George Walford: Doing the Splits (49)

The series running under this title has a dual theme; that the eidodynamic movements tend to split while the eidostatic ones do not. The “tend” matters; it is not being suggested that all eidodynamic movements are always splitting while all eidostatic ones enjoy perpetual internecine peace Anarchists are often able to operate in small groups while within conservatism, a firmly eidostatic movement, distinct trends often appear – wets differing from drys, for example; Michael Forsyth and Malcolm Rifkind, Tory ministers in the Scottish Office, were recently reported in dispute. But they disagreed only over tactics, and one response from a senior Tory was “It’s time Maggie knocked their heads together to make them see sense,” placing a value on cohesion, even when imposed, hardly to be found among the reformers and revolutionaries. (Sunday Times 12 Aug)

The eidodynamics expect growth of rational understanding to lead towards agreement, but experience does little to confirm this. Dissension increases as one moves along the ideological range from expedience towards repudiation (in political terms from non-political towards anarchism). and there are grounds for seeing the prevalence of disagreement among the intellectuals as the effect of an underlying logic. Rational thinking requires precise definitions, and the more hard-edged the concepts become the more they tend to clash. At the extreme we find the (A-) SPGB claiming its own definition of “socialism” to be the only valid one and also declaring itself “determined to wage war against all other political parties.”

The tendency is not merely political but ideological; it was noted long before political parties as we know them first appeared, Erasmus drawing attention to it in 1523: “The sum of our religion is peace and unanimity, but this can only come about when we define as little as possible and leave the judgment free on many matters.” (Quoted in Kamen H. 1967 The Rise of Toleration. London: Weidenfeld and Nicolson, 27)

But even Erasmus and his followers believed it necessary for Christians to define, and reach agreement on, a small number of fundamental propositions, and those proved to be the rock on which the Church split apart.

Analysis and observation both indicate that it is not among the dear thinkers, but rather among the people not inclined towards intellectual activity that cohesiveness is to be expected. Certainly it is mainly the left, and especially the extreme left, that proclaims the need of solidarity, and what you feel the need of is what you haven’t got.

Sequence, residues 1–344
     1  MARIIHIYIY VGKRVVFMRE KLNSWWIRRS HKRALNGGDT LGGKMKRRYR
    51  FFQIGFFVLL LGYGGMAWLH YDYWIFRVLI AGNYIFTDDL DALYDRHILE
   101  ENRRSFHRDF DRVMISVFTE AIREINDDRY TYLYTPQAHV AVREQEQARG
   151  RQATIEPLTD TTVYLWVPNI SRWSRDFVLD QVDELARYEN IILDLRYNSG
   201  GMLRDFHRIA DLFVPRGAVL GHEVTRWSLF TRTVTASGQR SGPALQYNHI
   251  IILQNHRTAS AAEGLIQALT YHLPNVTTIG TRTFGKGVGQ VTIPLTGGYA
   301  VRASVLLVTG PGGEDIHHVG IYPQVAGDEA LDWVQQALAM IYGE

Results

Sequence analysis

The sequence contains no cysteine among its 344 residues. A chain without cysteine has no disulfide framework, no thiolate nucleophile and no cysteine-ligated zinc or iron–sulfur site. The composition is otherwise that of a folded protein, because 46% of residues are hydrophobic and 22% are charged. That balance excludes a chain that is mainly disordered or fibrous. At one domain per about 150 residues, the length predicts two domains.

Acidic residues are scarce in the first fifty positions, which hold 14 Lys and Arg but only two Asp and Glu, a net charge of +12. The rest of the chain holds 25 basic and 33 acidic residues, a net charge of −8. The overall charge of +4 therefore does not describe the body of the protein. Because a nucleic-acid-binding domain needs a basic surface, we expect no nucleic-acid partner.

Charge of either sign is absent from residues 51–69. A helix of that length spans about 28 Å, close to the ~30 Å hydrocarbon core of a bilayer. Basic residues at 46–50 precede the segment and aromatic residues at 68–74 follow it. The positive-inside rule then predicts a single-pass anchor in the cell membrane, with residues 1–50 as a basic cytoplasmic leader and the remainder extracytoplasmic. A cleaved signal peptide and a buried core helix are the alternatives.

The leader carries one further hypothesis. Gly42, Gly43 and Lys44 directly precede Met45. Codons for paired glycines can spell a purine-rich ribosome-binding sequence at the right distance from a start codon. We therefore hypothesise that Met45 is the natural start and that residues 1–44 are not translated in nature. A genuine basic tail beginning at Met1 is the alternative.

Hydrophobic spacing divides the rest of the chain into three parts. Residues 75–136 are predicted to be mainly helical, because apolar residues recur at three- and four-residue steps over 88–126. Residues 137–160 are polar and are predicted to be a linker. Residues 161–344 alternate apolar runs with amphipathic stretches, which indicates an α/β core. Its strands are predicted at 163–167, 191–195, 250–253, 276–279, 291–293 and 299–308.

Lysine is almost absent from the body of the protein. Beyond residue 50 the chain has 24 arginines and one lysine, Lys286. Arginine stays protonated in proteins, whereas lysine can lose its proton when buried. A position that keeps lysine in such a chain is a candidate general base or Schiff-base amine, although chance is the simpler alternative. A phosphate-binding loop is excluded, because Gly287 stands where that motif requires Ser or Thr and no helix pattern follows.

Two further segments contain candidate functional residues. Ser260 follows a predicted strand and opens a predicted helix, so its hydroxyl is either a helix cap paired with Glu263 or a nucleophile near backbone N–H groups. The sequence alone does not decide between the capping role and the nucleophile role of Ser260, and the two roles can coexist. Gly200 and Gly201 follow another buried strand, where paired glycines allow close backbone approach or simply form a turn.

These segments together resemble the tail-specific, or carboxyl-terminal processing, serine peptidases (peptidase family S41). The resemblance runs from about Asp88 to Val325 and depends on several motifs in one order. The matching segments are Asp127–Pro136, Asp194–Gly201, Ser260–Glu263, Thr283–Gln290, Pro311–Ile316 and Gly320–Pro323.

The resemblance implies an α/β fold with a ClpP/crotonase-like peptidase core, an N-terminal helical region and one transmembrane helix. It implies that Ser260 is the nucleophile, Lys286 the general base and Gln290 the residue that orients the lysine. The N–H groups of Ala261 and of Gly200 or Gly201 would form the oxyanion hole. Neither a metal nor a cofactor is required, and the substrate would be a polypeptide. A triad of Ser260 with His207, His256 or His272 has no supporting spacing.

Some more examples of eidodynamic divisiveness:

“In the balmiest days of the great Red Scare [of the 1920s] there were about 150,000 Communists and Anarchists in [the USA], and the Communists were divided into thirty-two different groups, one of which numbered two members. The whole lot were about as dangerous as a flea on an elephant – or not that dangerous, because they spent their time biting each other.” (Phil Stong, “The Last Days of Sacco and Vanzetti”, in: Leighton Led. 1949 The Aspirin Age. Harmondsworth: Penguin, 181)

Reviewing a new life of Daniel De Leon by Stephen Coleman (Manchester U.P.), Discussion Bulletin says that in and after the 1890s: “The success of ‘socialist’ politicians in transforming the ‘immediate demands’ of the socialist parties into their dominant programs caused splits in nearly all the parties of the Second International. In the U.S. the anti- DeLeonists left to help form the Socialist Party identified with Hilquit, Debs, and Haywood. In Britain both the Socialist Party of Great Britain (to which Coleman belongs) and the British SLP left Hyndman’s Social Democratic Federation. In Russia the situation produced the Menshevik-Bolshevik split and in France, Germany, the Netherlands, and elsewhere splits and factional disputes that were often resolved by events precipitated by the Russian Revolution.”

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David Miller in TLS 25 May 90: “It is often impossible to foretell the consequences of the full implementation of a proposed change from observing its partial implementation. You cannot, for instance, predict how an economy run wholly on co-operative lines would work by examining the behaviour of a few co-operatives in a capitalist economy.”

from Ideological Commentary 49, January 1991.